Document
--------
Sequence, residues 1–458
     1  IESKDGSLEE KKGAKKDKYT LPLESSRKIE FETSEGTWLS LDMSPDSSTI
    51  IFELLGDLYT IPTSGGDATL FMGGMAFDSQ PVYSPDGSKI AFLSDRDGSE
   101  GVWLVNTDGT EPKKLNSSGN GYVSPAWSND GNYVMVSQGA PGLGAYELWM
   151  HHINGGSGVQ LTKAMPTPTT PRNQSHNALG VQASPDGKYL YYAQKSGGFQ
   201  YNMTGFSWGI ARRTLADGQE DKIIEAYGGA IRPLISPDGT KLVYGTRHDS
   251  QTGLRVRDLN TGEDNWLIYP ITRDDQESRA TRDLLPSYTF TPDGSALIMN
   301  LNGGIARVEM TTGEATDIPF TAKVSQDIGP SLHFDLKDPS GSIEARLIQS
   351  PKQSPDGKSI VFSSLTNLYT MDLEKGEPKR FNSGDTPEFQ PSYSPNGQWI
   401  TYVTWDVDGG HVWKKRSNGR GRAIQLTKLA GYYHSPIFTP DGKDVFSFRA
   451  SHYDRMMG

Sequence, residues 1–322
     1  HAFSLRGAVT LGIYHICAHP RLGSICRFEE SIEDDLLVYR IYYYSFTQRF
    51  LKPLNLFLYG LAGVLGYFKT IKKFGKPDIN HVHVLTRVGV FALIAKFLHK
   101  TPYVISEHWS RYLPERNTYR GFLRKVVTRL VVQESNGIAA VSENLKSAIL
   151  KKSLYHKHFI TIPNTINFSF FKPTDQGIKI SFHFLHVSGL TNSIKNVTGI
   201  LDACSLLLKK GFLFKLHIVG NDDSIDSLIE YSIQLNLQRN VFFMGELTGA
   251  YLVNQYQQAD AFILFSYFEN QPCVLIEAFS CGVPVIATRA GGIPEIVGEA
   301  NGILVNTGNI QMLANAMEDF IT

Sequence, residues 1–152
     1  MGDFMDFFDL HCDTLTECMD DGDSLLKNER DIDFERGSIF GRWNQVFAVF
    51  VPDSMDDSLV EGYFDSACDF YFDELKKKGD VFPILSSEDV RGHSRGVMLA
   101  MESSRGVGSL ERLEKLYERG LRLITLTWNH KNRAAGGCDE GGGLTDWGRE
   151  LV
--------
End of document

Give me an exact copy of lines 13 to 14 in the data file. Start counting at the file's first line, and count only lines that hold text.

     1  HAFSLRGAVT LGIYHICAHP RLGSICRFEE SIEDDLLVYR IYYYSFTQRF
    51  LKPLNLFLYG LAGVLGYFKT IKKFGKPDIN HVHVLTRVGV FALIAKFLHK